Injured survivors of Sunday morning’s massacre at the gay nightclub, Pulse, in Orlando, Florida told their stories at a press conference from Orlando Regional Medical Center on Tuesday.
Angel Colon, who was shot three times — in his leg, hand, and hip — told reporters that he survived the shooting “by the grace of God.”
By Colon’s recollection, the gunman, who has since been identified as 29-year-old Omar Mateen, opened fire on the club’s dance floor before moving toward the bathrooms.
“All I could hear were gunshots,” said Colon, who was shot once in the leg when the gunman first started shooting before falling to the ground. His leg was shattered when clubgoers trampled over him while trying to escape the shooter.
When the gunman came back from his first wave of gunfire, he began shooting every person laying on the floor multiple times to make sure they were dead, according to Colon, who was laying on the ground and playing dead. Colon was shot twice by the gunman — one bullet grazed his hand, while another hit his hip.
“I’m thinking, I’m next, I’m dead,” he said on Tuesday.
Another survivor, 20-year-old Patience Carter, said she ran into the Pulse nightclub bathroom when gunshots started ringing out inside the club. She was in the bathroom when the gunman entered and started shooting wildly.
“At that point, we knew this wasn’t a game,” Carter told reporters on Tuesday, “This was very real. It was shock; we just went from having the time of our lives to the worst time of our lives in a matter of minutes.”
Carter was shot in the leg, and said she was laying in a pool of blood next to others who were injured or dead when she heard the gunman call 911 and say he wanted America to “stop bombing his country.”
She said the killer asked if any black people were in the bathroom, and one man replied that there were.
“I don’t have a problem with black people,” Mateen said, according to Carter. “This is about my country. You guys have suffered enough.” He then began calling out to people laying on the floor — “Hey you!” — before shooting them one by one.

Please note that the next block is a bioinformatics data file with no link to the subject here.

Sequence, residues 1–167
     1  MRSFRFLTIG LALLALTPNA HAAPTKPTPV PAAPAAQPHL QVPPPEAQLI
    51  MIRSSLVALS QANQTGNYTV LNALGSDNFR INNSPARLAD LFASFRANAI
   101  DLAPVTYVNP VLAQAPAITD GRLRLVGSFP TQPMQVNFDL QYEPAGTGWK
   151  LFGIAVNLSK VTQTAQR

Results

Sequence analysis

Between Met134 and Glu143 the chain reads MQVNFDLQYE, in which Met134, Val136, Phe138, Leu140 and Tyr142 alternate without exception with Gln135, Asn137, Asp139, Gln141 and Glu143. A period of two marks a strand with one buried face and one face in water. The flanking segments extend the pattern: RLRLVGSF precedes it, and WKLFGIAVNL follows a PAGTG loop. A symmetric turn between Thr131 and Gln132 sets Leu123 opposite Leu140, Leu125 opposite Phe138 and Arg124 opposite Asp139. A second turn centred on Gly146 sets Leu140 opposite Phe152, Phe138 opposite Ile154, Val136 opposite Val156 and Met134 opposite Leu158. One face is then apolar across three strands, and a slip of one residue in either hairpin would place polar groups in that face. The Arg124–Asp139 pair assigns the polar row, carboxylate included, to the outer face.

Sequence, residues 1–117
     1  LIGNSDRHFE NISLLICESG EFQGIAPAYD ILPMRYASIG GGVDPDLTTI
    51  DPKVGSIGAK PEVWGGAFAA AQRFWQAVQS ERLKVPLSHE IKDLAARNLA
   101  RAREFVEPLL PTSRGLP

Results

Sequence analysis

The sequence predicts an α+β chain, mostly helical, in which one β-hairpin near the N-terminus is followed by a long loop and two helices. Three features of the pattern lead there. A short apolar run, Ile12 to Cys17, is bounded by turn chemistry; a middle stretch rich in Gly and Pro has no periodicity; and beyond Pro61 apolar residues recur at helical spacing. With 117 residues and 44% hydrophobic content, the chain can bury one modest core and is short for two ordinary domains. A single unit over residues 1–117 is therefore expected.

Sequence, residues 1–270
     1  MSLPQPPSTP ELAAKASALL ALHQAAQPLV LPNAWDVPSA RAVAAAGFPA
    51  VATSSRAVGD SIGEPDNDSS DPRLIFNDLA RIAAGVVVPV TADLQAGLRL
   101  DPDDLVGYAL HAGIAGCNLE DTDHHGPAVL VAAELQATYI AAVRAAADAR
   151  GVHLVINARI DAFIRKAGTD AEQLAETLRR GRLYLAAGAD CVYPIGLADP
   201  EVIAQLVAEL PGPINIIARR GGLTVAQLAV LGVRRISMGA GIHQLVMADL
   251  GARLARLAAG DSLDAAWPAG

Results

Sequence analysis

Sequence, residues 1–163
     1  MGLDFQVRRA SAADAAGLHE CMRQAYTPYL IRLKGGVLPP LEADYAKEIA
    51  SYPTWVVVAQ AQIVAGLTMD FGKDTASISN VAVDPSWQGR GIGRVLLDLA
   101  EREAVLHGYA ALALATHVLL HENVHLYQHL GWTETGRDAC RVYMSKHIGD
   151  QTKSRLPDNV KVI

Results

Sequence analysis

Mateen also told them he had “snipers” outside of the nightclub, Carter said.
“It sounded as if he was communicating with other people who were involved with it. Maybe he was just deranged, maybe he’s just talking to himself, but I honestly feel like I don’t think he was able to pull that off all by himself.”
The killer’s brutality was highlighted by two other survivors, Norman Casiano and Michael Belvedere,
in separate interviews with CNN on Monday and Tuesday.
Casiano told Anderson Cooper said that Mateen, the gunman, laughed every time he shot someone.
“It was like a laugh of satisfaction,” Casiano said. “The sound of pure evil. It didn’t sound like a person.”
Caisano said Mateen used his handgun to shoot over the bathroom stalls into where people were hiding and pleading with him to let them go.
“One of the first things I hear when I close my eyes are guns, bullets hitting the floor and that laugh,” Casiano said.
Michael Belvedere, a bartender at Pulse, told Erin Burnett on Tuesday that he didn’t run from the chaos right away, because he thought it might have been a police officer. But the gunshots continued and starting sounding “like they were on top of me,” so he ran toward the club’s dressing room and hid.
He said he heard the shooter yell “Get down, Motherf—ers!” and tell the clubgoers to put their phones away before opening fire. The gunman made people beg for their lives before killing them, Belvedere said.
Chadwick Smith — one of the trauma surgeons who operated on the shooting victims as they came into Orlando Regional Medical Center on Sunday morning — got emotional while recalling the frantic calls and visits from the victims’ families, who did not know where their loved ones were.
“Patients just started coming in, one after another,” Smith told reporters on Tuesday. “We’re very fortunate this occurred blocks away.” The Medical Center is down the road from Pulse.
“It was a surreal experience,” said William Havron, another trauma surgeon at the hospital.
The shooting at Pulse is the deadliest in US history. Forty-nine people died, and 27 patients are still in the hospital. Six are in critical condition.
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